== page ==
The kickoff to the holiday shopping season started in earnest on Black Friday as shoppers lined up early at Toys “R” Us, Target and other stores for deep discounts – another signal that consumers are bargain hunting.
While customer response to Black Friday discounting in Canadian stores appeared uneven, online demand was relatively strong as a growing array of merchants offered wider e-commerce promotions than in the past. Now, they are counting on Black Friday hype to bolster business in what is expected to be a tough holiday period amid burgeoning competition.
“There’s definitely some shopping activity, but not as much as I thought there would be,” Raymond Shoolman, senior consultant with retail specialist DIG360 Consulting in Vancouver, said on Friday.
“But Canadians are working today, they’re not off like Americans. A lot of the activity will probably come on the weekend,” he added.
Black Friday, a traditional day of retail bargains in the United States to launch holiday shopping, has reached critical mass in Canada, with retailers ranging from discounter Wal-Mart Canada Corp. to luxury chain Holt Renfrew & Co. touting sales. But the jury is still out on whether the promotional weekend will help spur more sales for retailers in the make-or-break holiday period.
South of the border, where Americans get a four-day Thanksgiving weekend that began Thursday, the Black Friday sales seemed to get off to a sluggish start. That’s despite there being almost a week less of shopping time before Christmas, compared with last year.
At U.S. stores, “crowds showed up on Thanksgiving evening, but not to the extent as previous years,” said Jharonne Martis, an analyst with Thomson Reuters IBES. “Anecdotally, this Black Friday has seen a decrease in mall traffic.”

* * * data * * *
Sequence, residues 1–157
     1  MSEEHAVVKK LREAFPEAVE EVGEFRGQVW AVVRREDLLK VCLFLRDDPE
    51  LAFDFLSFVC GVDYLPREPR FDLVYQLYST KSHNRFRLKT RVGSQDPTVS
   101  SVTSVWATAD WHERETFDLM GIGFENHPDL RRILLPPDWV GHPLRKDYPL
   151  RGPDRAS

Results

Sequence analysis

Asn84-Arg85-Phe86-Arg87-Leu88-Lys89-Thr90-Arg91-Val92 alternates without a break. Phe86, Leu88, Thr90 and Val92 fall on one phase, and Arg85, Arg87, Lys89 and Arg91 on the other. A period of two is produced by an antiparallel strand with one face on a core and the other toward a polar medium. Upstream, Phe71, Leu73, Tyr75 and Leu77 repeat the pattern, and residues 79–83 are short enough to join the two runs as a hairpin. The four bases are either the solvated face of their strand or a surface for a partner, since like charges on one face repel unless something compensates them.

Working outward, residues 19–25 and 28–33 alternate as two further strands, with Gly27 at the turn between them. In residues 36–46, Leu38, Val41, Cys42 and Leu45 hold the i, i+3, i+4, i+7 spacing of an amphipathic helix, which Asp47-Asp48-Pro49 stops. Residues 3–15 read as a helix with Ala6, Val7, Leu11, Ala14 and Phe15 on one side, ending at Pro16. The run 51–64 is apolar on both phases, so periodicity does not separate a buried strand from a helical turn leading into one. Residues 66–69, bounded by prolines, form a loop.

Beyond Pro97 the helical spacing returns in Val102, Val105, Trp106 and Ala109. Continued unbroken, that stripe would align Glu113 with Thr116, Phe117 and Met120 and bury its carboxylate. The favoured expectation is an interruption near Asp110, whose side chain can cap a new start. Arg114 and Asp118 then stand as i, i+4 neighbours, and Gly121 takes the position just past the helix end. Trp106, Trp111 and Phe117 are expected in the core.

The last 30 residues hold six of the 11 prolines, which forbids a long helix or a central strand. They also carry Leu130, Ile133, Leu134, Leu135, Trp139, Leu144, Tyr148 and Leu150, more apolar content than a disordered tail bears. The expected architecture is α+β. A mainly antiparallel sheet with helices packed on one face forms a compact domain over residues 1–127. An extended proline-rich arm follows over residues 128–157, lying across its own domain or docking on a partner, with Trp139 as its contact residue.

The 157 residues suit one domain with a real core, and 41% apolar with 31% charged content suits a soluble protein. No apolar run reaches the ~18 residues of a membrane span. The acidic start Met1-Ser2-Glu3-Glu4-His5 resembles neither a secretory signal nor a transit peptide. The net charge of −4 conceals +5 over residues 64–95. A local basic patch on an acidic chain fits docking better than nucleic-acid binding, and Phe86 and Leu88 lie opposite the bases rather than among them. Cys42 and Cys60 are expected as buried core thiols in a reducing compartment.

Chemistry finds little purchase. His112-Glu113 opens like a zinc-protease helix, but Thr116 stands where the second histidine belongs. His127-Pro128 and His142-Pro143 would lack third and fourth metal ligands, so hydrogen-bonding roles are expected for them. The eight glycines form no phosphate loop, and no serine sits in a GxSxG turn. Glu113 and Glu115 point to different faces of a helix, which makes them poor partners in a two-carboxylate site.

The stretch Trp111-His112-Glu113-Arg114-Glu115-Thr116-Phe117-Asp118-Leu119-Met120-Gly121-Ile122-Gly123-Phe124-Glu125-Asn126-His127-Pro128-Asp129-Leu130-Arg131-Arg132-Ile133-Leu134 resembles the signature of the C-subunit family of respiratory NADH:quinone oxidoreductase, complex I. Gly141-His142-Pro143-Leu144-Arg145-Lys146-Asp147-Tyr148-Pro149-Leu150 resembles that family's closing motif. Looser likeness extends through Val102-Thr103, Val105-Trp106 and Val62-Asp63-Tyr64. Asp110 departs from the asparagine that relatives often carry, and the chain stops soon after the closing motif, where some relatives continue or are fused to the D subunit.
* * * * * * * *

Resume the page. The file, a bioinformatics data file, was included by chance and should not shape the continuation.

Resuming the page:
She said most U.S. retailers offered 50-per-cent discounts, which was less than in previous years. While consumers already have begun their holiday shopping, “most indicated that they expect retailers to offer juicier promotions later in the holiday season. As a result, many are waiting … to finalize their shopping list.”
Even so, Black Friday events in Canada went off without the violence that tends to mark the usual frenzy in the United States, where malls beefed up security. Still, there were a number of incidents, including an alleged shoplifting case near Chicago that resulted in a man being shot by police after dragging an officer with his car, according to Associated Press; both were taken to hospital with injuries. In Utah, police said at least two people were knocked to the ground by a crowd of Wal-Mart shoppers jockeying for a $49 tablet computer.
In Canada, sales were weaker in Ontario than elsewhere, reflective of fiercer competition in that province, said Liz McDonald, vice-president of marketing at Toys “R” Us Canada. The toy store knocked 50-per-cent off the price of 500 items, although one of the hottest sellers, an Air Hogs Atmosphere remote control toy, was at the regular $29.99. Toys “R” Us e-commerce sales were better than expected, Ms. McDonald added.
The softness in Ontario is “consistent with what we’ve seen with our sales over the last seven or eight months,” she added. U.S. discounter Target Corp. launched its first stores in Ontario, and Wal-Mart Canada Corp. has expanded in that province.
Wal-Mart Canada expected almost two million visitors to its online selling site, which was three times more people than than last year, said spokesman Alex Roberton. Between midnight and 1 a.m., customers placed more than 4,000 orders, he said.
At Sears Canada Inc., online sales jumped between 10 per cent and 20 per cent when the sales began on “Black Thursday,” compared with last year, said spokesman Vincent Power. Toy sales rose 69 per cent, jewellery sales climbed 20 per cent, women’s wear was up 12 per cent, and major appliances, 5 per cent, he said.